By Erich Bridges
RICHMOND, VA (BP) — It must have been a fearful moment for this small-town girl when the mysterious visitor showed up out of nowhere – looking for her.
Mary probably was all of 12 or 13 years old, the common age of betrothal for Jewish girls in those days, when the angel Gabriel appeared to her. (Read the account in Luke 1:26-38). Engaged to Joseph, a carpenter, Mary was looking forward to the quiet life of a wife and mother in the small market town of Nazareth.
Suddenly, here was a supernatural being before her, declaring, "Hail, favored one! The Lord is with you" (Luke 1:28, NASB).
Luke says she was "greatly troubled" by this statement (v. 29). Confused, anxious, and terrified might also describe her reaction. The angel's appearance must have been overwhelming for Mary, his words even more so.
Gabriel saw her anxiety and said, "Do not be afraid, Mary; for you have found favor with God. And behold, you will conceive in your womb, and bear a son, and you shall name Him Jesus. He will be great, and will be called the Son of the Most High; and the Lord God will give Him the throne of His father David; and He will reign over the house of Jacob forever; and His kingdom will have no end" (vv. 30-33).
Mary didn't comprehend what he was saying. How could she become the mother of this great king? She was a virgin, for one thing. For another, Gabriel was speaking of mysteries far beyond her understanding, beyond the understanding even of the great teachers of Israel. The angel revealed a bit more, telling her that the Holy Spirit would come upon her, that the power of God would overshadow her, that her holy child would be called the Son of God.
Mary's response echoes through the ages: "Behold, the bondslave of the Lord; be it done to me according to your word" (v. 38).
We should neither idealize nor idolize Mary. She was as human and fallible as the rest of us. Even after Gabriel's explanations, she probably suffered doubts and fears about what he was telling her. It had likely begun to dawn on her what the potential consequences might be if her unmarried pregnancy became public. Scandal and family shame? Rejection by Joseph? Death by stoning? She had nothing whatsoever to rely on – except God's promise through His messenger.
Yet without fully understanding what was unfolding, without being sure of what was expected of her, without knowing what would happen to her, Mary submitted herself to God's will. When she was told by God to leave the safety of the familiar and launch into the unknown, she obeyed.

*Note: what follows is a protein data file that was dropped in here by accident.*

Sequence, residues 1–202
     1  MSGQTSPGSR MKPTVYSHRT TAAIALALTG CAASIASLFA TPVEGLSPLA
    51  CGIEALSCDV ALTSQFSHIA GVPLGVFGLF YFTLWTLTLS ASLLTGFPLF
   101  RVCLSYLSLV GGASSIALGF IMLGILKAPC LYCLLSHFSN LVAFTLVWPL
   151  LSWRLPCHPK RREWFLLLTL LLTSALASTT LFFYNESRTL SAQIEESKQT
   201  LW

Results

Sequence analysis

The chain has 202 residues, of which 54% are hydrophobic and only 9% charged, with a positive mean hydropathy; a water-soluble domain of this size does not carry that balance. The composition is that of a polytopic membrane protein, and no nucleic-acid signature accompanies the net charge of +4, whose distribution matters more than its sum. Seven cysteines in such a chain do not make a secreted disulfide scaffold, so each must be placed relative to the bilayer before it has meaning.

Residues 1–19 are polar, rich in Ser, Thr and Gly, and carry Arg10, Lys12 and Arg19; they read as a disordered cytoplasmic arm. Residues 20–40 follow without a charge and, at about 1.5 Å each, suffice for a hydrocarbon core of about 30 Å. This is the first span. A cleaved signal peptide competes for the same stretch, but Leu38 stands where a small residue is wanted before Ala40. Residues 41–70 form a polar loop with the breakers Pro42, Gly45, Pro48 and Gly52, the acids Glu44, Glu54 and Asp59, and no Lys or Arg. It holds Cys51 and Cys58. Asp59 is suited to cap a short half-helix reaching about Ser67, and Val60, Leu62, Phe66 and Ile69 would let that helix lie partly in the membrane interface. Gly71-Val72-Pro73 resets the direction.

"There is very little unusual about the outward life of, or at least the Gospels do not record it," wrote Jeanne-Pierre de Caussade, author of Abandonment to Divine Providence, an 18th-century spiritual classic. "They show her life as very simple and ordinary. What she did and endured might have been done and endured by anyone in her station in life. She visited her cousin Elizabeth just as her other relatives did.... [S]he went to Bethlehem to be registered. Because she was poor she sheltered in a stable. The persecution of Herod drove her from Nazareth, but she returned and lived there with Jesus and Joseph, who worked to earn their daily bread.
"But what was the bread which nourished the faith of Mary and Joseph? It was the sacrament of the moment."
The moment. When her moment came, young Mary was ready. Not because of her education, talent, or insight, but because of her quiet obedience. Faith is actually believing what God says, no matter how illogical or mysterious it might seem, and obeying it out of love for Him. Moment by moment.
What is God saying to you at this moment? Maybe something that strikes you as rash or risky. Maybe something that seems small, but will require you to move a few steps beyond the familiar and the comfortable. Maybe something that He will use to change missions history – if you obey Him.
When you celebrate the birth of Jesus this Christmas, think about the faith of the small-town girl who brought Him into the world.
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